Saturday, March 7, 2015

The Beginning of the End

The Master System was Sega's first foray into the console market, but for me (and probably a lot of other people) the Genesis was my first exposure to Sega and 16-bit gaming.  In truth, I would never call the Genesis, or Mega Drive (as it is sometimes called), the pinnacle of design.  Rather, from a technical standpoint the Dreamcast was probably Sega's best piece of hardware.  Having said that, I feel the old adage about a console only being as good as its games really applies here.  Sega has an uncanny ability to ruin its franchises, often within the time frame of a single sequel.  Check out the history of Altered Beast or Valkyria Chronicles for some great examples.  However, during the Genesis era most of Sega's works were fresh and vibrant.

Allow me to begin jogging your memory with the names of classic brawlers like Streets of Rage and Golden Axe, JRPGs such as Phantasy Star 2, 3 and 4, tactical RPGs like Shining Force, puzzle games such as Dr. Robotnik's Mean Bean Machine, RTS precursors like Populous, Powermonger, Herzog Zwei, and Dune II: Battle for Arrakis, hardcore sci-fi side-scrollers such as Another World (or alternatively Out of this World) and Flashback: Quest for Identity.  There were all kinds of great platform driven action/adventure games like Strider, Shinobi, Rolling Thunder, Rocket Knight Adventures (that's one awesome possum!), Kid Chameleon, and Earthworm Jim, as well as genuinely fun kid-friendly Disney licensed games represented by QuackShot and Castle of Illusion Staring Mickey Mouse.  Conversely, there was no shortage of brutally challenging games; The Immortal, Target Earth, Ghouls and Ghosts, not to mention the top-down/side-scrolling shooter hybrid Thunder Force.  I, for one, was very glad I never played any of those last four in a quarter-gobbling arcade.  No shortage on the sports front either with the NBA, NHL and NFL licences all held by Sega.  Then, there were also a number of non-traditional sports titles like Road Rash, Mutant League, and Pig Skin (basically football played circa 621 A.D.).

Additionally, the Genesis library had some unique curiosities that defy easy genre classification.  Some noteworthy titles include Gain Ground, Alien Storm, Sword of Sodan, Bimini Run, Dick Tracy and the iconic duo Toe Jam and Earl.  Even horror games got some coverage in the form of Splatter House 2 and 3.  Realistic military combat sims, normally confined to PC market, dipped their toes into Sega's proverbial play pool in the form of M-1 Abrams Battle Tank, and F-22 Interceptor.  Of course fighting games were well represented with Mortal Kombat and Street Fighter 2, but there were also some excellent titles of lesser renown such as the prehistoric dinosaur duels in Primal Rage or the dismemberment obsessed, time-traveling "what if...?" versus scenarios of Time Killers.  Underwater games your thing?  No problem!  From the comical James Pond to the somber Ecco the Dolphin, Sega had it covered.  They even made a rogue-like by the name of Fatal Labyrinth.  There were ports of arcade classics such as PAC-MAN and Paperboy, as well as early computer classics like Prince of Persia and Sid Meyer's Pirtaes!  Pretty much every major 90s entertainment property found its way to the Genesis; Jurassic Park, The Lion King, X-Men, Teenage Mutant Ninja Turtles, Michael Jackson's Moonwalker and some bizarre crossovers like Battletoads and Double Dragon.  Even a few pseudo 3D titles were made in the form of Space Harrier and Super Thunder Blade.  I could go on, but I think I've more than made my point.  Sega was on top.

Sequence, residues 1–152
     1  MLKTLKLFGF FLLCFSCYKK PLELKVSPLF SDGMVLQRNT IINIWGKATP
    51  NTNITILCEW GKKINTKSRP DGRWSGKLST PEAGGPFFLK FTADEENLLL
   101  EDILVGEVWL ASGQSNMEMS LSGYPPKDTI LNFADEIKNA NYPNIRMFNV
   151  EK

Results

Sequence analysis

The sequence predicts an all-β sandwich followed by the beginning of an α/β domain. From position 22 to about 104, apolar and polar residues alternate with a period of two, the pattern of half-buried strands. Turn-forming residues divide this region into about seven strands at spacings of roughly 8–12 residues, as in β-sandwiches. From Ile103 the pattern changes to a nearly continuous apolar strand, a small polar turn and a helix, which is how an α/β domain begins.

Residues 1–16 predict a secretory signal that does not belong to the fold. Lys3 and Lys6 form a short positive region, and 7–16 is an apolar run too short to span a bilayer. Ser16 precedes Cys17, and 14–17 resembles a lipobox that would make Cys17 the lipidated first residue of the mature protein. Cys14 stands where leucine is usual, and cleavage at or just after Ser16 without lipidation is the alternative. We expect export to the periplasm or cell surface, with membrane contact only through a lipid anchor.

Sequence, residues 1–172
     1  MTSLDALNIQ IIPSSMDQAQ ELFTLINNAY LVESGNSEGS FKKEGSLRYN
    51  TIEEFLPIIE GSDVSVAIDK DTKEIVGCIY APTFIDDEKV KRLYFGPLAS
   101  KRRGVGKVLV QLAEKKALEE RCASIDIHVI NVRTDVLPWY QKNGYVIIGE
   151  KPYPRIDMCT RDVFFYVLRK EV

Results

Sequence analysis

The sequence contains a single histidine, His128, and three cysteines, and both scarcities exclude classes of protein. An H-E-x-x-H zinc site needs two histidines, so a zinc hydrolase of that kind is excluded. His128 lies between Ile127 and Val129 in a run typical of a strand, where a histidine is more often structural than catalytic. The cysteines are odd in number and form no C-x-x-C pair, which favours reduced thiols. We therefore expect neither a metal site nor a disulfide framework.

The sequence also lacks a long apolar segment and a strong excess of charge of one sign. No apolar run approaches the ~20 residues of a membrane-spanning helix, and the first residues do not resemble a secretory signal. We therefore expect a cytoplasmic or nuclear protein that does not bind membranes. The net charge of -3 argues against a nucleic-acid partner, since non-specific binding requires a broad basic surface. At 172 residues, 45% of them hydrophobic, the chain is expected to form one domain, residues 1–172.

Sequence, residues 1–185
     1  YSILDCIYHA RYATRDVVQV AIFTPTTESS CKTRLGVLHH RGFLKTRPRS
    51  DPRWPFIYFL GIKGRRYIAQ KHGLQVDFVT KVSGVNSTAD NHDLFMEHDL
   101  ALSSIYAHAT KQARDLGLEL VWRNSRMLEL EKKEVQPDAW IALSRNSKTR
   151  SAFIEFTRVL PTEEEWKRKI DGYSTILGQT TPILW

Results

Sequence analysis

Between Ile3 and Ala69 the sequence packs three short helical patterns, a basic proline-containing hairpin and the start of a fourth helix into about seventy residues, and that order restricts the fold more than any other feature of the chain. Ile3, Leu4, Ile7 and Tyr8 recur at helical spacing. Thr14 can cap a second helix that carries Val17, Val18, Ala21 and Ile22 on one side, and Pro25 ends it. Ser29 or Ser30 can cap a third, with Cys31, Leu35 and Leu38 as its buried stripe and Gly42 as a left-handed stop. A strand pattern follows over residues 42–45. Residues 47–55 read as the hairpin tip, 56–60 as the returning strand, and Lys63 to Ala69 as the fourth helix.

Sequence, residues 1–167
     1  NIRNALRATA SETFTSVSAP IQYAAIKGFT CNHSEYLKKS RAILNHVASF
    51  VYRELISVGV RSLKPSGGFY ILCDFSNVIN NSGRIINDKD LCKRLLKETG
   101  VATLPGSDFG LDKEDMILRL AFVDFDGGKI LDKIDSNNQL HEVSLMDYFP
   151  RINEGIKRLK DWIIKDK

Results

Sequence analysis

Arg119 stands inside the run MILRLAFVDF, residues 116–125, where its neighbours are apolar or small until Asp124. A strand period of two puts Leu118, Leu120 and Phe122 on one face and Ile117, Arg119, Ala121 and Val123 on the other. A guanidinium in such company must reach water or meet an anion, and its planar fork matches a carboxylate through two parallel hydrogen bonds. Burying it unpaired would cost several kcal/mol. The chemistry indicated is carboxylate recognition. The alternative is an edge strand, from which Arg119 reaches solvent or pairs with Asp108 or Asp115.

More than two decades later though look at what Sega has become, a broken shell of a company deriving barely enough sustenance to sustain itself off pachinko machines and the efforts of subsidiary companies.  Its franchises have long since been run into the ground and Sega's mascot, Sonic, currently has about as much dignity as a comatose quadruple amputee on life support.  The future business strategy of Sega is to layoff hundreds of employees while shifting focus further and further toward the mobile and online space.  So long was great during your Genesis days, but now I think the Apocalypse has come for you at last.                                                      

No comments:

Post a Comment